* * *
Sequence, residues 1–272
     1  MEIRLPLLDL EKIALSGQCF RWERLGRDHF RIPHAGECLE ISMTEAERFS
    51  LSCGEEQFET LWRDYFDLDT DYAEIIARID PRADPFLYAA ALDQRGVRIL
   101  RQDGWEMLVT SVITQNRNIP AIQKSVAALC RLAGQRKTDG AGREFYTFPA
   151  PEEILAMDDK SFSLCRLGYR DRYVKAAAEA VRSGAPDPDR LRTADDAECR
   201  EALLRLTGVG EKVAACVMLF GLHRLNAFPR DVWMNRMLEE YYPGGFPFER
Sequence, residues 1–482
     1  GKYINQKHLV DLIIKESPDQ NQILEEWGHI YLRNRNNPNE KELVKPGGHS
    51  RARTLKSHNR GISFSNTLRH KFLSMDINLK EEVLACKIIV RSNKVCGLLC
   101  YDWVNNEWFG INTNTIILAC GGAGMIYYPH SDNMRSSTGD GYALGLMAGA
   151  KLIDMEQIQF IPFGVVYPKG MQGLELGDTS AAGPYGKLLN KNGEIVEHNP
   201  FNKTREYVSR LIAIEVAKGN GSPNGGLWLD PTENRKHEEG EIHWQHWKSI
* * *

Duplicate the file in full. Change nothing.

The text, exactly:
Sequence, residues 1–272
     1  MEIRLPLLDL EKIALSGQCF RWERLGRDHF RIPHAGECLE ISMTEAERFS
    51  LSCGEEQFET LWRDYFDLDT DYAEIIARID PRADPFLYAA ALDQRGVRIL
   101  RQDGWEMLVT SVITQNRNIP AIQKSVAALC RLAGQRKTDG AGREFYTFPA
   151  PEEILAMDDK SFSLCRLGYR DRYVKAAAEA VRSGAPDPDR LRTADDAECR
   201  EALLRLTGVG EKVAACVMLF GLHRLNAFPR DVWMNRMLEE YYPGGFPFER
Sequence, residues 1–482
     1  GKYINQKHLV DLIIKESPDQ NQILEEWGHI YLRNRNNPNE KELVKPGGHS
    51  RARTLKSHNR GISFSNTLRH KFLSMDINLK EEVLACKIIV RSNKVCGLLC
   101  YDWVNNEWFG INTNTIILAC GGAGMIYYPH SDNMRSSTGD GYALGLMAGA
   151  KLIDMEQIQF IPFGVVYPKG MQGLELGDTS AAGPYGKLLN KNGEIVEHNP
   201  FNKTREYVSR LIAIEVAKGN GSPNGGLWLD PTENRKHEEG EIHWQHWKSI